Aggie returns home
Fallen American hero laid to rest at Aggie Field of Honor
Published: Monday, July 9, 2012
Updated: Wednesday, July 25, 2012 22:07
Husband. Father. Son. Brother. Friend. Cowboy. Texas Aggie. U.S. Army… A great American.
This was the beginning of Maj. Gen. Rodney Anderson’s address to those in attendance for Lt. Col. Roy Lin Tisdale’s, Class of 1992, funeral.
Lt. Col. Stephen G. Ruth, Class of 1992, addressed those with the Aggie welcome, “Howdy. Ruth said those from Alvin, Texas, knew Tisdale was a country boy and a real Texas cowboy. During his time at Texas A&M University, he was a member of the Company D-2 of the Corps of Cadets. Ruth said he had the privilege of being one of Tisdale’s first fish buddies.
“When we finally had the privilege to wear normal people clothes… Roy would choose to wear his green Vietnam fatigues… That was our Roy Tisdale.”
Ruth then spoke of Tisdale’s love of building Bonfire. Building four wasn’t enough so he stayed an extra year to build a fifth.
Col. Jim Dunham, Tisdale’s D-2 company military adviser, then took the stage to share his memories of Tisdale. From his first fish haircut to his first March-In at Kyle Field, Dunham, as he teared up, said Tisdale will never be forgotten.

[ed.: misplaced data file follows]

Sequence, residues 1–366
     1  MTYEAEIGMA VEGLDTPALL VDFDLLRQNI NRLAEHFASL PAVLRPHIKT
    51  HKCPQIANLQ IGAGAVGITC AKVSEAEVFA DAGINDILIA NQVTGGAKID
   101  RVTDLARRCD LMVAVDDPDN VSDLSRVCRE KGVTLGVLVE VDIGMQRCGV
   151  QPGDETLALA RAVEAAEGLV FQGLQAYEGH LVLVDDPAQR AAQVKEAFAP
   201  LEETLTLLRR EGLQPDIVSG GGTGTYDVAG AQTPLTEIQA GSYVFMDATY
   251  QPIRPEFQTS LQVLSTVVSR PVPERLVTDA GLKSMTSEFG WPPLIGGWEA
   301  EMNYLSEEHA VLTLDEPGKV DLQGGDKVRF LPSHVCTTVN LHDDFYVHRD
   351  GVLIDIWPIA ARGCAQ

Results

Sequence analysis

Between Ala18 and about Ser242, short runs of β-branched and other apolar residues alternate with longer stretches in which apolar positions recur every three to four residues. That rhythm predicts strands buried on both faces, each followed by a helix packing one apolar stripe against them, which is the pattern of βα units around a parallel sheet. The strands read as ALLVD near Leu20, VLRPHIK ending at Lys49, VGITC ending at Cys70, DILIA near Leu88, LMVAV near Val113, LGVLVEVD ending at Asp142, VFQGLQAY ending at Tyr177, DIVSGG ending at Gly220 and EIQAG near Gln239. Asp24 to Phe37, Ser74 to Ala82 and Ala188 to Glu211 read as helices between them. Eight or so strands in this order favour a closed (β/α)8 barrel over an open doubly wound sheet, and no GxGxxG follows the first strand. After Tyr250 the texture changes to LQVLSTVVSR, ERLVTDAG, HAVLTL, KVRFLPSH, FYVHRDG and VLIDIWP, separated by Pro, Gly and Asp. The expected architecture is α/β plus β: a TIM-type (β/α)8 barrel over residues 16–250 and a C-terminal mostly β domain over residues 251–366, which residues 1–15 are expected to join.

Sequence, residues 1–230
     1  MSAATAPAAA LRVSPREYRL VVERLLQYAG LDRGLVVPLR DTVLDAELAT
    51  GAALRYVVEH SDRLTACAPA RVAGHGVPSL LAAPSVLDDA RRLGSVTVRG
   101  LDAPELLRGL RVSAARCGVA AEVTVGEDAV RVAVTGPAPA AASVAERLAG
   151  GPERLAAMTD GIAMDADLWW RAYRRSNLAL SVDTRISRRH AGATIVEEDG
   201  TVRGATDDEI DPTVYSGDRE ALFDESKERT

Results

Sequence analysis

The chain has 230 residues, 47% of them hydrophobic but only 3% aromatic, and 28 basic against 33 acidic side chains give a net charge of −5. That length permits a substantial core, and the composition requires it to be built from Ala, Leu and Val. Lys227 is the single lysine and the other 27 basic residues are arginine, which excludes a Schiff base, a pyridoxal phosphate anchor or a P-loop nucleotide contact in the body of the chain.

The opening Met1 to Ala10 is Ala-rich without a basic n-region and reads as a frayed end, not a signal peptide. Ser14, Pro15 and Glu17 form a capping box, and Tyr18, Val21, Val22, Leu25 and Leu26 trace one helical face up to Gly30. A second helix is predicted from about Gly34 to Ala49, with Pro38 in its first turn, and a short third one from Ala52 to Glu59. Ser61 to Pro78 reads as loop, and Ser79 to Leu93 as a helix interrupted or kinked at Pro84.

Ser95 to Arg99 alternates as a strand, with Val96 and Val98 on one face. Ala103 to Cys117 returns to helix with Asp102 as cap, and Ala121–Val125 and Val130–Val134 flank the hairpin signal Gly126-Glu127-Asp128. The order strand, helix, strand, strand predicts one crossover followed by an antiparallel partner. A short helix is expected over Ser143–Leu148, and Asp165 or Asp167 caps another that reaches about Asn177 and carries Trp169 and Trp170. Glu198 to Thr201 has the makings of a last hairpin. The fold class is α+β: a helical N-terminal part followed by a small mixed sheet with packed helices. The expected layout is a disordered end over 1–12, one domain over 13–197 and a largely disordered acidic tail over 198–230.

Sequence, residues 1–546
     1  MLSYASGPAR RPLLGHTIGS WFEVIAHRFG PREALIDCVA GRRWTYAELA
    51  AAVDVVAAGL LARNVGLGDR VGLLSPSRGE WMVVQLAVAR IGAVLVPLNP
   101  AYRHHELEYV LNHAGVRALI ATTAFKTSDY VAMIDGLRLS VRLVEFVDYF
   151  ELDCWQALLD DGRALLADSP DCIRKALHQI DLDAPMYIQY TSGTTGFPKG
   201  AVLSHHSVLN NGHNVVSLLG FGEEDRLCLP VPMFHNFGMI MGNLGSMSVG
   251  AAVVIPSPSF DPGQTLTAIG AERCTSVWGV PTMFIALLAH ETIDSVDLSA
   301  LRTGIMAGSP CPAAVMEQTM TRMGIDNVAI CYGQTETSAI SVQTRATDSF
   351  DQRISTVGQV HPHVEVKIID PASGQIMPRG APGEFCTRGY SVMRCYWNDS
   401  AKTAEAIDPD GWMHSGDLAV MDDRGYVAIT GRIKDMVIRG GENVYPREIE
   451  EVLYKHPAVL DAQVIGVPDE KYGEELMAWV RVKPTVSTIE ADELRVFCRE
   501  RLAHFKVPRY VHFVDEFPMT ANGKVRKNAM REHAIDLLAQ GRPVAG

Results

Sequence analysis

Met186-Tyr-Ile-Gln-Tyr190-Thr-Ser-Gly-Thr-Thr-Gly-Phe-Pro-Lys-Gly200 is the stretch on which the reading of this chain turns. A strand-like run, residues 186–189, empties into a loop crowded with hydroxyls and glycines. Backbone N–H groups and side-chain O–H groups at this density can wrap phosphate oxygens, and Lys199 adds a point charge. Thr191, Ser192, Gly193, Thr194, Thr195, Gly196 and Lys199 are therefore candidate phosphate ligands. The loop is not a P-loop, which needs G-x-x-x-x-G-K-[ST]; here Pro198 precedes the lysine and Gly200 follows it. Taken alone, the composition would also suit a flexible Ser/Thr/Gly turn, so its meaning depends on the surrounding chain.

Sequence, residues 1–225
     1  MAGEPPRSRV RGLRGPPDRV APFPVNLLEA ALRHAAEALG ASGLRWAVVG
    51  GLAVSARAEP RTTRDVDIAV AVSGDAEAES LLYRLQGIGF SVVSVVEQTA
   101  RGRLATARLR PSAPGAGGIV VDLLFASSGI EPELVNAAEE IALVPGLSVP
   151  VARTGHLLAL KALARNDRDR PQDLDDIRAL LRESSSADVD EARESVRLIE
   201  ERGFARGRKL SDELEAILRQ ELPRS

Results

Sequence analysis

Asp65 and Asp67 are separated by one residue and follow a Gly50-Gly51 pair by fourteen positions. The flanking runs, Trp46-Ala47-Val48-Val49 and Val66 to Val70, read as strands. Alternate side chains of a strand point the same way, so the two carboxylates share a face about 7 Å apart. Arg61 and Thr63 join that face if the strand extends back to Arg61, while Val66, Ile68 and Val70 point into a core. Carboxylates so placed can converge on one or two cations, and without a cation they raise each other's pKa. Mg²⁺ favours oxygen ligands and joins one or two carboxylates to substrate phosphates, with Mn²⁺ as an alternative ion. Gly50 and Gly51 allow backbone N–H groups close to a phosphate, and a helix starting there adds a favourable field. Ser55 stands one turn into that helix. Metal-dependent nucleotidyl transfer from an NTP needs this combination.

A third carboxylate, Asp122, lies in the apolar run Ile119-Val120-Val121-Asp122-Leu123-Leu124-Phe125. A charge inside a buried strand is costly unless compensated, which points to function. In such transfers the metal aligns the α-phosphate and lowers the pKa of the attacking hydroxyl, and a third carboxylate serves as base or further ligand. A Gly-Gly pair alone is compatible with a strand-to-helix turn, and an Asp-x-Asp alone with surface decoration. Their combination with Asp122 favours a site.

State senator of District 5, Steve Ogden then presented Tisdale’s wife, Kim, with an American flag flown above the state’s capital in Austin on July 2 in Tisdale’s honor.
Hundreds of students and community members gathered outside the church to pay respects to Tisdale and to his family. The Westboro Baptist Church sent out a news release July 2 saying it had planned to protest the funeral. Members of Westboro Church did not show up.
More than 600 students and community members came out for a silent vigil, also known as the Maroon Wall to protest Westboro’s intentions.
Lilly McAlister, junior sociology major and co-organizer of the Maroon Wall, said the group, which spread like wildfire, wanted to support the family. McAlister said the family had a right to grieve privately and the Maroon Wall was there to ensure that happened.
Tisdale’s body arrived Wednesday as the Patriot Guard Riders and others stood by the road.
Ruth said he asked one woman near the side of the road if she knew Tisdale. She said no, but that Tisdale was a son of Aggieland. “There are no strangers on this road.”
Tisdale was buried with full military honors at the Aggie Field of Honor. Hundreds gathered and lined the roads in honor of him.
Tisdale, 42, commander of the 525th Brigade Special Troops Battalion, 525th Battlefield Surveillance Brigade served in Iraq and Afghanistan.
He was killed by Spc. Ricky Elder, 27 at Fort Bragg, N.C. while conducting a safety briefing. Elder then turned the gun on himself and later died after undergoing treatment at a medical center in Fayetteville, N.C. In a statement, the Army said Elder was recently charged with larceny of a toolkit valued at $1,700 and was awaiting court martial.
The Fayetteville Observer reported Elder’s final Facebook message — time stamped at 2:29 p.m. June 28 as, “My mind in the past couple of years has folded on itself. I just went to the Dr. and they said I just tested positive for Dementia.” Fort Bragg officials said at 3:30 p.m., Elder shot Tisdale.
Tisdale is survived by his wife Kim, and two children, Megan and Roy Lane. Tisdale and Kim were married for 19 years, and he proposed to her under the Century Tree.